The Grand Canal is its greatest attraction, but the reason Venice is such a fun city to explore is not the canals but the complete absence of cars — and also of motorcycles, mopeds, bicycles, and scooters, though we did encounter some prams and the occasional wheel-chair — which are relegated to giant parking stations where the causeway to the mainland starts.
The water buses only run up the Grand Canal, around the main island, and to the outer islands, while other than at the regular Grand Canal crossings, where they stand in for bridges, the gondolas and water taxis appear to be used only by tourists. Walking is how one gets around Venice, with the regular bridges over the smaller canals making good photo opportunities but also something of an obstacle to the less mobile. The complete absence of vehicles means the narrow footroads ("calle") and small squares don't seem cramped and cope fine with the volume of pedestrians.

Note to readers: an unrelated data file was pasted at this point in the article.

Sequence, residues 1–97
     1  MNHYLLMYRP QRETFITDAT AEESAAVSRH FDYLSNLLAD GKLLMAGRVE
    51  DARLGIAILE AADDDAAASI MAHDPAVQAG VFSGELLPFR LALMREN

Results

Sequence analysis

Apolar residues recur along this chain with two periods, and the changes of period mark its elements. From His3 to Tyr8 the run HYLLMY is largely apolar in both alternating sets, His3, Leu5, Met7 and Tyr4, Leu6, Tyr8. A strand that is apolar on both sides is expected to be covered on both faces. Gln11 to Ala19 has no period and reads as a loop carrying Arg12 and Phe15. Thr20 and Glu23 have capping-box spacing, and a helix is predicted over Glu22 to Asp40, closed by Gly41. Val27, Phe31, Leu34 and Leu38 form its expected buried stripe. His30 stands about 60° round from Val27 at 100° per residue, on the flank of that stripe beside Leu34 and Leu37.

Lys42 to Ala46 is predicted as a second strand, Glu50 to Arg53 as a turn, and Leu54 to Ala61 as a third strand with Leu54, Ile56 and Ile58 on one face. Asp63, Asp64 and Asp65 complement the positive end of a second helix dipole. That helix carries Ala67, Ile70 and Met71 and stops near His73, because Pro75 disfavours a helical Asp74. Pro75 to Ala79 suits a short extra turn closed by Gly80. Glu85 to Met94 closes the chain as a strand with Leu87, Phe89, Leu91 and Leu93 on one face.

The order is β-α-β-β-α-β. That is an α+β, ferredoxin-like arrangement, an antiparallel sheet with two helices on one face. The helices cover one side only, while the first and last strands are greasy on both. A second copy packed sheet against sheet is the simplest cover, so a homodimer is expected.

This is of course enabled by the canal system, which allows deliveries of goods and disposal of garbage to be done by boat, with hand-wheeled carts used for "the last fifty metres"; the canal system complements the network of footpaths in much the way the lymph system complements the blood circulation. So ultimately it is the canals which underpin Venice's attraction.